The Voodoo Festival in Benin is one of the most popular festivals in the country. Held from June 5 to September 9 in the coastal city of Ouidah, this festival attracts visitors from all over the world. Thousands of voodoo adherents gather here for the festival, which is a national holiday. Hundreds of voodoo ceremonies take place during this weeklong celebration, and visitors are encouraged to join in.
In addition to celebrating religious festivals, the country holds various festivals that celebrate the culture of its people. During the Igue festival, which takes place between Christmas and New Year, villagers pay homage to the Oba by anointing his head with the blood of a sacrificed animal. The rite is followed by a feast in which the chiefs and the people give a sacrificed animal to the gods. The festival is considered very festive and non-natives should avoid staying in the presence of the Oba.
Depending on the village, the Igue festival is celebrated over four days between Christmas and New Year. The festival starts with an initiation ceremony called the "Igue ritual." During the festival, people and chiefs oath to the Oba, offering merriment and gifts. Aside from this, the Cove festival is known for its public display of art. This is one of the most important festivals in the country.
Dahomean Cultures: In December, the Dahomean Cultures festival takes place. This festival celebrates the diversity of cultures and traditions in Benin. This event takes place in the city of Abomey. It showcases the traditions of the local communities. It is also an important celebration for many tourists. A visit to this place can be a fulfilling and memorable experience. There are various festivals in Benin that will delight you.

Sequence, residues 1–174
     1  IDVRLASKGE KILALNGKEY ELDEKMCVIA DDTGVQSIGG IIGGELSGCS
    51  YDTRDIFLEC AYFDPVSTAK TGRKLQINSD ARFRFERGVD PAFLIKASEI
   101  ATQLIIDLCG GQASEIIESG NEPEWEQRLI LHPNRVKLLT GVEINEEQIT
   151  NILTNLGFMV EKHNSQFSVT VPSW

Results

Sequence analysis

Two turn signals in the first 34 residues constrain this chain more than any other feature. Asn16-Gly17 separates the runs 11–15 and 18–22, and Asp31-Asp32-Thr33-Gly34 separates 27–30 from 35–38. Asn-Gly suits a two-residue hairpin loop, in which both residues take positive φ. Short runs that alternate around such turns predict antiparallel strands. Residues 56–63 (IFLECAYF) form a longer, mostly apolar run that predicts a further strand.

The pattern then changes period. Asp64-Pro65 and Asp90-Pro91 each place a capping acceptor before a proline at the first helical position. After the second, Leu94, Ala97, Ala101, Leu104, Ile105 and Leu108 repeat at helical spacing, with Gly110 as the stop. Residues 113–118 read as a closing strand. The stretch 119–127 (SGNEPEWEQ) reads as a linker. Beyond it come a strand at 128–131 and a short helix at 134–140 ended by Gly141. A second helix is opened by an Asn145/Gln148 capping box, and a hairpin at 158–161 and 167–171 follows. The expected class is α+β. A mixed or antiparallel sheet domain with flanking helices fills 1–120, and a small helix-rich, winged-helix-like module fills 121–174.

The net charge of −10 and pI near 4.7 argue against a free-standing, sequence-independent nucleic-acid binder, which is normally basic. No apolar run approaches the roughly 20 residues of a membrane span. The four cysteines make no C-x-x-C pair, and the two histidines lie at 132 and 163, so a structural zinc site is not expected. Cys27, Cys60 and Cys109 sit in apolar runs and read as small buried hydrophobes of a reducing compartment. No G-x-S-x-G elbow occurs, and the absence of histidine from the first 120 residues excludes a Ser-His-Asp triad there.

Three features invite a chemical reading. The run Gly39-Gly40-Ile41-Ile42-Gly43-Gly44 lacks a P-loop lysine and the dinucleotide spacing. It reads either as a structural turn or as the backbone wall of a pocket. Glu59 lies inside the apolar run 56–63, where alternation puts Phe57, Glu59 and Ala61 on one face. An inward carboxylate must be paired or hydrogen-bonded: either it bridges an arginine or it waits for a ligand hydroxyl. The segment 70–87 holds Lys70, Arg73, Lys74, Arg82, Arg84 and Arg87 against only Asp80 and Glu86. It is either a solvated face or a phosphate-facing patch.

The country is home to several festivals. The Vodoun festival is one of the most popular. The Fete du Vodoun is held on January 10 each year in the capital city of Cotonou. It starts with the killing of a goat. Then, the festivities include singing, dancing and imbibing liquor. In 1996, the Vodoun religion was officially recognized as a religion. Thousands of tourists and devotees attend this annual event.
The official currency of Benin is the West African Cfa Franc (XOF). If you're looking to transfer or spend money in Benin you can grab amazing West African Cfa Franc deals via Wise.com (GBP to XOF).
Its varied animal life includes elephants, leopards, lions, antelope, monkeys, wild pigs, crocodiles, and buffalo. There are many species of snakes, including pythons and puff adders. Birds include guinea fowl, wild duck, and partridge, as well as many tropical species.
French food? Kuli-kuli is Benin's national dish, providing nutrition, protein, and sustenance to the poor and often malnourished locals who have limited access to food. This simple meal consists of ground, smashed peanuts that are shaped into balls or biscuits which are deep-fried in their own oils.
French is the official language, and all the indigenous languages are considered national languages. Of the Beninese languages, Fon (a Gbe language) and Yoruba are the most important in the south of the country. You can learn some basic French before you travel to Benin and really impress the locals!
The currency in Benin is the West African Cfa Franc (Tipping is generally not necessary except at upmarket restaurants, where around 10% extra should be given for good service.).
What is the time difference?
The GMT time difference is 0 hours